Date: 4/4/21 3:26 pm
From: Emilie Danna <emilie.danna...>
Subject: Re: [southbaybirds] Raptor and woodpecker morning at Pearson-Arastradero Preserve
FYI I received a nice email from an eBird reviewer correcting one of our
identifications: what we thought was a sharp-shinned hawk was actually a
Cooper's hawk due to its gray cheek. See the side-by-side comparison here:
Glad I learned something!

On Sun, Mar 28, 2021 at 3:42 PM Emilie Danna <emilie.danna...> wrote:

> Hello,
> This morning, my son and I had a great time at Pearson-Arastradero
> Preserve. We saw (or at least we think we saw) 9 (!) different species of
> raptors within ~3.5 hours. I took photos of most of them... please keep us
> honest as we are not 100% sure of all identifications. Photos are available
> at I'll correct any mistakes based
> on your input.
> It started auspiciously with an immature *Cooper's hawk* (?) in a tree
> near the start of the De Anza trail. While I was busy taking photos of it,
> my son looked up and saw a *Bald Eagle* traversing high in the sky,
> unmistakable with its white head and large size. Then, we saw 2 *white-tailed
> kites* flying quite low then using the thermals to quickly gain altitude.
> A *red-tailed hawk* soon joined them (see the photos in the checklist
> where the red tail is nicely visible), and then a third kite also appeared
> on the scene. Later on, a light brown blob attracted my eye in a tree in
> the distance, and with binoculars it turned out to be a *red-shouldered
> hawk* (?). On the spot, while looking at my (bad) photos to try to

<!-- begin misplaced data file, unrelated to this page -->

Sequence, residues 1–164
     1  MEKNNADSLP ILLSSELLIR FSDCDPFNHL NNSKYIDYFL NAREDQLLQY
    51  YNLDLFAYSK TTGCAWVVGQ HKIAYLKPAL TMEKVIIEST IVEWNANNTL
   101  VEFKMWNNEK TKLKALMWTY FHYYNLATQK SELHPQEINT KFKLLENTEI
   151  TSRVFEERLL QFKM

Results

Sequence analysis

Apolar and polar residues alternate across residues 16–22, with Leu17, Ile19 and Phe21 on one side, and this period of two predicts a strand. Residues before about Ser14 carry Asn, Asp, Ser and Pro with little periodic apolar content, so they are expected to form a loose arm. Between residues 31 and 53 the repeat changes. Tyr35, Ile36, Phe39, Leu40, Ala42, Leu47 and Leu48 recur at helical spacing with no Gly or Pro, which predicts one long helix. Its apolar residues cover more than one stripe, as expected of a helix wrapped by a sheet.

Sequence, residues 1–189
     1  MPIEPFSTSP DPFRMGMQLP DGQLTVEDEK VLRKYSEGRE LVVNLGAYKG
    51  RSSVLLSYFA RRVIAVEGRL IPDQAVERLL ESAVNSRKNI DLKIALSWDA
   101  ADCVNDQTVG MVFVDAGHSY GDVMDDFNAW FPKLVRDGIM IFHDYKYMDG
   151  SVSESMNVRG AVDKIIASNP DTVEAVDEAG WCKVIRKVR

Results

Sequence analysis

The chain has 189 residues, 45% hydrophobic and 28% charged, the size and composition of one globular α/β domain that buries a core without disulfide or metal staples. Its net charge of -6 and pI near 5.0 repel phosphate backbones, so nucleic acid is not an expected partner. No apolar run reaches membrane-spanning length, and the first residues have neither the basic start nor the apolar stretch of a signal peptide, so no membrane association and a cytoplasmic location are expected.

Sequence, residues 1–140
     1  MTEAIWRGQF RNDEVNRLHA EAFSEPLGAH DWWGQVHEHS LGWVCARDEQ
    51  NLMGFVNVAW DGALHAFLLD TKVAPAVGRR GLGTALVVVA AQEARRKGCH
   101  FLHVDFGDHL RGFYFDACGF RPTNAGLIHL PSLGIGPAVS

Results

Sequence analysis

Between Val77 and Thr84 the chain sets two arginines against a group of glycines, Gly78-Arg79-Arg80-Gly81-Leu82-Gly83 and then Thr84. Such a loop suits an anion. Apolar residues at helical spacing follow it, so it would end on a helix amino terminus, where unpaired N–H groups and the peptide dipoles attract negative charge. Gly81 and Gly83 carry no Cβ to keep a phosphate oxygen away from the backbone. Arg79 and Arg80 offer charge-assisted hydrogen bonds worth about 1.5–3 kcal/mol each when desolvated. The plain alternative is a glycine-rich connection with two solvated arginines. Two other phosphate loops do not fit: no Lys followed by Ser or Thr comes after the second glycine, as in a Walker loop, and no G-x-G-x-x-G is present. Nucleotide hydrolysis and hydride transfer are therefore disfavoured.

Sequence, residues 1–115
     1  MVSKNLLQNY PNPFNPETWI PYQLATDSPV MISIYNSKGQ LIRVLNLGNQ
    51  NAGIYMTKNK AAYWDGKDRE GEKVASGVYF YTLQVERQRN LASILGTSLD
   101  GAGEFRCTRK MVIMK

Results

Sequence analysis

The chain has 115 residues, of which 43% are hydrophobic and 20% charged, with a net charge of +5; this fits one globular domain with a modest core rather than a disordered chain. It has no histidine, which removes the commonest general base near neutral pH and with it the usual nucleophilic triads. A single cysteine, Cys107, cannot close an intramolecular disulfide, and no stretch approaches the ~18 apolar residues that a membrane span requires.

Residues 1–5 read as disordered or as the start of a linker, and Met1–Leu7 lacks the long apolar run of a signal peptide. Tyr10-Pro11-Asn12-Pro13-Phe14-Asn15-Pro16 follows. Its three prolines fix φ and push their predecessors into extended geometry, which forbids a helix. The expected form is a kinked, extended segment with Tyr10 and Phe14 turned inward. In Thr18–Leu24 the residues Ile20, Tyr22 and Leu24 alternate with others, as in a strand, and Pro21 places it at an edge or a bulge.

> identify it, I realized there was a second bird of the same species right
> next to it in the tree (!) and soon both of them flew off the tree one
> after the other (maybe they were a couple?). Afterwards, while trying to
> identify two swallows perched on a thin naked trunk, it turned out one of
> them was a male *American Kestrel*... you can see we have room for
> improvement in our identification skills :-) It was far, so I only took one
> very blurry photo, but it was easy to recognize from its small size and
> distinctive contrasting colors and spots. Meanwhile, a *turkey vulture*
> was circling the sky.
> At the Arastradero lake, trees were full of birds, with many yellow-rumped
> warblers, bushtits, oak titmice, California towhees, song sparrows, etc. I
> gave up counting. We saw and heard >10 *acorn woodpeckers*, as well as
> two *Nuttall woodpeckers* and two *Hairy woodpeckers*.
> We were having such a great time that we decided to continue the hike up
> Arastradero Creek Trail. Turning left on Acorn Trail, we heard weird noises
> multiple times, which we guessed were from Wild Turkeys. We couldn't see
> them though and continued on... At the turn in the trail, we finally got a
> visual and loudly exclaimed on our discovery (saw 7, including at least 2
> males). And then, my son shouted *"sharp shinned hawk!". *There was
> indeed a small hawk perched on a branch right above my head, undisturbed by
> our noise (sorry). This is the first time we have ever seen one up close,
> so please let us know what you think: you can see some photos in the
> checklist (not of great quality as the sun was right in front of me).
> Finally, we continued on and just as we were congratulating ourselves on
> such unbelievable luck with raptors, we emerged onto Meadowlark trail and
> saw our ninth raptor of the day: a *Northern Harrier* with its
> characteristic white rump patch.

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